Attending the dynamic AFSIC - Investing in Africa conference is truly inspiring. It fosters connections and ignites transformative change across Africa by uniting Africa-focused investors and companies. Additionally, Carbon Forward, Europe's leading environmental markets conference, fosters three days of discussion on climate change risks and opportunities, drawing expertise from around the globe. As at 1MTN, bridging Africa and carbon markets is central to our business, and it was just our luck that both events coincided in the same week.
The prevailing theme of this year's gatherings was the imperative of upholding quality and integrity in discussions surrounding carbon credit projects. Transparency was a fundamental aspect of every conversation, deemed crucial to the success of climate change mitigation efforts. Next to this, attendees recognised the significance of adopting a holistic approach to mobilising capital for climate-positive growth. It became evident that it's not solely about reducing emissions but also about leveraging financial resources to protect our planet for future generations.
Integrated approach to environmental economic and social impact
A well-rounded, solution-focused approach dominated the conversations. An important topic on the table was Africa's significant stake (30%) in global mineral resources, presenting opportunities for sustainable development through responsible resource management. Discussions also highlighted the importance of agroforestry, an integrated approach combining agriculture and forestry, as a key driver for economic growth and environmental restoration. This dual-purpose strategy offers a harmonious solution for economic and environmental challenges. Moreover, climate resilience emerged as a recurring theme, emphasising the crucial need for deep understanding in the area of soil health and high-quality carbon credits. Advancing knowledge in these domains can effectively propel inclusive growth and sustainable development across Africa, empowering small-scale farmers in their activities.
Three key learnings on carbon markets
At 1MTN, we experienced a captivating week filled with enlightening expert talks, engaging panel discussions, thought-provoking conversations, and valuable networking opportunities. This eventful week strengthened our resolve to combat climate change through land restoration and reinforced our commitment to fostering equitable development. Additionally, we gathered three key learnings on carbon markets, shedding light on the necessary market advancements.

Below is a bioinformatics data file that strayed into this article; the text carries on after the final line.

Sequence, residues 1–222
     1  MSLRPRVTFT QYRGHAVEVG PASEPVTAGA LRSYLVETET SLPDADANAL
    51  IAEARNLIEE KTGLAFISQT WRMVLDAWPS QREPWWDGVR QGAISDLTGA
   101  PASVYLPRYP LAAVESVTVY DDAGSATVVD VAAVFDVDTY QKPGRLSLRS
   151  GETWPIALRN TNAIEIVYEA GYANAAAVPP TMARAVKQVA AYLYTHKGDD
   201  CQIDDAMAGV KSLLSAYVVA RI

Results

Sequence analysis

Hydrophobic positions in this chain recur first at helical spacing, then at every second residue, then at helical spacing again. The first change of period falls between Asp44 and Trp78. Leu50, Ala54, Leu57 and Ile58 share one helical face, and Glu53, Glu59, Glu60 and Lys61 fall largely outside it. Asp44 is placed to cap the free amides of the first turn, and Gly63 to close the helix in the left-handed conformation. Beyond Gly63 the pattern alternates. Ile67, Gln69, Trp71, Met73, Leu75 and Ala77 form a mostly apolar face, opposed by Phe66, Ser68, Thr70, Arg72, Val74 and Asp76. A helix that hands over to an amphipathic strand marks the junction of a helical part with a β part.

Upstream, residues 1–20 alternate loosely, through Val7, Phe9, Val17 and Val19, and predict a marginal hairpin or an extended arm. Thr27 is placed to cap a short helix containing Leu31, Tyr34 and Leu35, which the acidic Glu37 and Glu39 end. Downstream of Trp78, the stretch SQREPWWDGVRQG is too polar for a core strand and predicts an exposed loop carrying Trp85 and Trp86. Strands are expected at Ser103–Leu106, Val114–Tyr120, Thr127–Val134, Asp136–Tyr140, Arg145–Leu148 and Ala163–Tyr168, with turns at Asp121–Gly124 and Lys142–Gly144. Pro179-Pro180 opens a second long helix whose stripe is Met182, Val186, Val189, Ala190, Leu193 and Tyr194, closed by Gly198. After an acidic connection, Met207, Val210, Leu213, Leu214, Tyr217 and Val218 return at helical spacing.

A Unified Carbon Market
First, it is important to rephrase Voluntary Carbon Markets as Carbon Markets. The term "voluntary" may incorrectly imply lower quality or inferiority compared to the compliance market. Media stories of lack of transparency and proof of impact perpetuate this misconception. In reality, many project developers and market participants on the seller side prioritise transparency and operate with the highest integrity. Similarly, buyers in the market, often criticised for using credits to pollute more as offsetting is easy, are actually leading the way in developing decarbonisation strategies. Research by Forest Trends’ Ecosystem Marketplace has shown that companies participating in Carbon Markets demonstrate leadership in climate action, accountability, and ambition. These findings suggest that carbon credit purchasers are nearly twice as likely to actively reduce their carbon footprint year-over-year, demonstrating a strong commitment to carbon reduction.
In a broader context, it is crucial to talk about one unified Carbon Market, eliminate the term "voluntary" from its name and have all participants work together to address the challenges and improve the market as a whole.
Collaboration as the key to (climate) impact
Collaboration is key to successfully combatting climate change and building sustainable business practices. We must share knowledge and best practices and work together across sectors. Transparency, regulation, and effectiveness are crucial for maximum impact. Unfortunately, meaningful collaboration is currently lacking, with each company and project focused on their own self-interests. Operating under this approach hinders progress as a whole. If there is one crucial lesson we can glean from fossil fuel suppliers, it's their collaborative power and united agenda.
Standardisation of the voluntary carbon market
Standardising and simplifying the market is essential. The abundance of methodologies, registries, validating bodies, and certifiers creates barriers for new projects and businesses. Additionally, navigating the market and its complexities requires strong expertise. We must remember that we share one planet, and immediate action is imperative.
In conclusion, while we must take greater steps towards standardisation and unification of the voluntary carbon market to ensure the most effective progress, ultimately, collaboration is the key to making a real impact on climate change. During the same week, we had the privilege of celebrating Uganda's Independence Day in London. The vibrant festivities showcased Uganda's rich culture and history, commemorating the 61st anniversary of its independence. This occasion was a vivid demonstration of the strength of the Ugandan community and their dedication to forging a brighter future through collaboration and cooperation. Something we experience day after day in our interactions and activities in Uganda. It’s time to act--not just talk--and if you want to join in on the effort, explore 1MTN's land restoration project in Uganda.